Activity Description of "Gyotaku"
|Audience ||biology - all levels|
|Abstract ||"You should have seen the fish I caught; it was t-h-i-s big!" How often do we hear those fishing tales? In Japan, a technique called gyotaku was developed in the 1800s to accurately document fish size by inking the fish, then pressing paper onto the fish to make a print (gyo - fish; taku - impression).
When studying fishes, external anatomy can be measured and identified on a well done gyotaku print. Prints of different fishes could be used for classification samples, or to show examples of fishes found in different ecosystems. This activity could also be used as an integration of science with art in designing the composition of the gyotaku print.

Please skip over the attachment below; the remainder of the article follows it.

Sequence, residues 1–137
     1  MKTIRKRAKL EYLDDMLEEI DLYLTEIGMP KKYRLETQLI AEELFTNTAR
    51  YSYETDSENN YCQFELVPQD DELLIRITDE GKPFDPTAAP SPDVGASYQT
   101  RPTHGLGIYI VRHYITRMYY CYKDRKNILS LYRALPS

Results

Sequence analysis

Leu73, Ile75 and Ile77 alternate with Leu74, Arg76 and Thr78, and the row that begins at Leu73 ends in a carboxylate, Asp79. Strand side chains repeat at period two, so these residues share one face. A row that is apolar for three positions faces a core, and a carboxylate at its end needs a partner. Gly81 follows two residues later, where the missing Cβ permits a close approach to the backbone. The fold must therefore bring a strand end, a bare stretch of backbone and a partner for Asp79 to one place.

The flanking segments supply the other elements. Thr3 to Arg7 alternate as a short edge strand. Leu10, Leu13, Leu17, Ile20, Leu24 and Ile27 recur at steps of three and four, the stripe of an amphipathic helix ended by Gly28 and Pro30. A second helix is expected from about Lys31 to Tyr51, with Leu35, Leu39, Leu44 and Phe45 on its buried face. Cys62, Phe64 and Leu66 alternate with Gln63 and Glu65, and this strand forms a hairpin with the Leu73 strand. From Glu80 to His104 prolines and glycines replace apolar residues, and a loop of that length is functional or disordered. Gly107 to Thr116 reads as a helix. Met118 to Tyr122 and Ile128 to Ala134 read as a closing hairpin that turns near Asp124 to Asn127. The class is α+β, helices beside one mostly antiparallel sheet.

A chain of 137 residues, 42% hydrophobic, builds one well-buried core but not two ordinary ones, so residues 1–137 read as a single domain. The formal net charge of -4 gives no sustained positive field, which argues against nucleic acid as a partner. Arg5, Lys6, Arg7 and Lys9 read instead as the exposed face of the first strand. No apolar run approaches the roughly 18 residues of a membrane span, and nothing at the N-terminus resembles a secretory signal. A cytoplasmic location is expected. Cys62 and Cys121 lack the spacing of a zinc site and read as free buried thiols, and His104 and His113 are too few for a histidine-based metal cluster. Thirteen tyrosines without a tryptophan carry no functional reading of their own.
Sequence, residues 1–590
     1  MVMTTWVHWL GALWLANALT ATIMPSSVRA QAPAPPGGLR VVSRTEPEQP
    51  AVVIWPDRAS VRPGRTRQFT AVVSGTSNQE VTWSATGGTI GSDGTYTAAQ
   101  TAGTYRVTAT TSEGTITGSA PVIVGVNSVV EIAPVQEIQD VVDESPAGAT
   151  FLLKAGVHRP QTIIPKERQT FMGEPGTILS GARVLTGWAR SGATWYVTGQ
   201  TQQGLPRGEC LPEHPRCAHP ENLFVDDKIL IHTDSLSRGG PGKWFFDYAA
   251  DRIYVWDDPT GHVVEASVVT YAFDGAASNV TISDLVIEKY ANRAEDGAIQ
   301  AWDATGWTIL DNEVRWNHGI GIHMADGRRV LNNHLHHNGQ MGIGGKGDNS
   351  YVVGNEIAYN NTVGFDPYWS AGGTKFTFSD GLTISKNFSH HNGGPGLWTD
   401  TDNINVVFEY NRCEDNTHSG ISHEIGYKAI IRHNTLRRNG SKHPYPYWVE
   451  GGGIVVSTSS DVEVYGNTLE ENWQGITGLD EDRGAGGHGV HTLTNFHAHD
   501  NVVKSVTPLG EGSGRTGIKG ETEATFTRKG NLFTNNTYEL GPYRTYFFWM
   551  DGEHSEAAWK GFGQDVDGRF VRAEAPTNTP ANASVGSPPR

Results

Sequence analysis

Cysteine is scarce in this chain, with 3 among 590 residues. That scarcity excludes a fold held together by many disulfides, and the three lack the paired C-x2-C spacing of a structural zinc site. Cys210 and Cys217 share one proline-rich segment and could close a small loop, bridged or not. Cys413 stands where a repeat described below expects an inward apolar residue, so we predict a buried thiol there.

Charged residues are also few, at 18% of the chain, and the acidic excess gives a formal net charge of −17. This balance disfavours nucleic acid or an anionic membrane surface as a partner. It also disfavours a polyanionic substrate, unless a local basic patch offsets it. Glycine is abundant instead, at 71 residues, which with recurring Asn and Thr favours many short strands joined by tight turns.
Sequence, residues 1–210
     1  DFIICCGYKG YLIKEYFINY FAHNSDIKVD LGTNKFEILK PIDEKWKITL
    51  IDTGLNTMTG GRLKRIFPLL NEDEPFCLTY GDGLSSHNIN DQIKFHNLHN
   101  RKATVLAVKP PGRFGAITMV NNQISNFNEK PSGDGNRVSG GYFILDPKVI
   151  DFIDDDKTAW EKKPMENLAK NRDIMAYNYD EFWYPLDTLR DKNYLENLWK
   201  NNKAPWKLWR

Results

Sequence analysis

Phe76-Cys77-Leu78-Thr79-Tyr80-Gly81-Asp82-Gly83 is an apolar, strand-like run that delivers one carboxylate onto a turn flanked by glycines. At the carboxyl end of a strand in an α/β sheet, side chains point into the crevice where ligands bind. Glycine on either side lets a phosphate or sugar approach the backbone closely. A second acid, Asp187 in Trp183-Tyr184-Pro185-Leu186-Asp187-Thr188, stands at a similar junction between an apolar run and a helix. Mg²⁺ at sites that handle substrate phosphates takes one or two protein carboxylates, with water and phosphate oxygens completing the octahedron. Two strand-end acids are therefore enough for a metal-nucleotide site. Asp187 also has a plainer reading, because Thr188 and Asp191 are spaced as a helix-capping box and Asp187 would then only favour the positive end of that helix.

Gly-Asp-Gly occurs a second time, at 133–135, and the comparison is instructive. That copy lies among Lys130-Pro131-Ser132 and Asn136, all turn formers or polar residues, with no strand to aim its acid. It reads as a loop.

|Author ||Lenore Kop|
|Unifying Concept ||Form and function|
|Science and Technology ||Understandings about science and technology|
|Science as Inquiry ||Abilities necessary to do scientific inquiry|
|History and Nature of Science ||Science as a human endeavor, Historical perspectives|
|Science in Personal and Social Perspectives||Natural resources, Science and technology in local, national, global challenges|
|Life, Physical, Earth Sciences ||Structure and function in living systems, Populations and ecosystems, Diversity and adaptations of organisms|
|Other Standards |